The Savannah College of Art and Design (SCAD) alumni artists Tayler Ayers (M.A. creative business leadership; B.F.A., fibers, 2019) and Will Penny (M.F.A., painting, 2013; B.F.A., painting, 2008) have created public artworks in support of the Black Lives Matter Movement for SCAD locations in Savannah and Atlanta. The striking, vinylon glass murals are featured on the exterior of prominent buildings in both locations: Gutstein Gallery (Savannah) and FORTY (Atlanta). In black letters on a colorful background, the murals state unequivocally BLACK LIVES MATTER.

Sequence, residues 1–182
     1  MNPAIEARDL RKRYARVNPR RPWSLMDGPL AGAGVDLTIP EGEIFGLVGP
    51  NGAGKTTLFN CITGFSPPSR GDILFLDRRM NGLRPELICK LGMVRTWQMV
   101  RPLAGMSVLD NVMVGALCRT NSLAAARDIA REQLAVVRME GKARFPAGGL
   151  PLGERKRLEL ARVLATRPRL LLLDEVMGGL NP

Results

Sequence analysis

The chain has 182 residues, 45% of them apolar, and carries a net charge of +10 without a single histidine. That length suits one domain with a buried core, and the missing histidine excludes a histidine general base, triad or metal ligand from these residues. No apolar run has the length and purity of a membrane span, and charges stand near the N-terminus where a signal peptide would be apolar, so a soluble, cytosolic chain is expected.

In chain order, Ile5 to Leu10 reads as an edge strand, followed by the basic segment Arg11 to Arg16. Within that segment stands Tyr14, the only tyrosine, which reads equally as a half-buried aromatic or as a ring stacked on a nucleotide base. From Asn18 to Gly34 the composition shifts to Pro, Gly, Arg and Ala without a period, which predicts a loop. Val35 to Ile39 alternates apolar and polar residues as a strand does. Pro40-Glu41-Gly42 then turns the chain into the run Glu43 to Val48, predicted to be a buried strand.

“A collaboration between two people with different approaches to creation is only limited by the restraints of the individuals,” said Ayers and Penny in a joint statement. “Our collaboration was a time of listening, editing, learning, and creating with each other. Our project speaks to the injustice that is present in the world, while also contemplating what it looks like when two people who are visually different come together to contribute to something larger than themselves. We are making art — but we strive to make a difference, if not for us then for those to come.” The murals are significant in size, with public-facing prominence. The dimensions are different in each location: 56’5” x 6’ (Gutstein) and 100’2” x 13’5” (FORTY). In Savannah, the mural is located on the street-facing window of Gutstein Gallery on Broughton Street. Gutstein Gallery is annexed to the historic Jen Library, where, in 2016, SCAD hosted a special event honoring civil rights activists arrested in Savannah in 1960. SCAD previously joined the Georgia Department of Economic Development and the Hodge Foundation in dedicating a historical marker on site. The library was formerly a Levy’s department store, where African-American students Carolyn Quilloin Coleman, Joan Tyson Hall, and Ernest Robinson were arrested for sitting in the store’s whites-only restaurant on March 16, 1960. Their arrests sparked a series of boycotts and voter registration drives that eventually led to the desegregation of all facilities in Savannah in October 1963, eight months before the Civil Rights Act. In 1964, Martin Luther King Jr. stated that Savannah was the most desegregated city south of the Mason-Dixon Line. In Atlanta, the mural is located on the exterior of FORTY, the new SCAD residence hall that opened in 2019. The 14- story building, a co- educational residence hall, plays an important role in the development of SCAD Atlanta. The 596- bed building features dormitory and apartmentstyle residence units and a 250-person capacity event space on its top floor.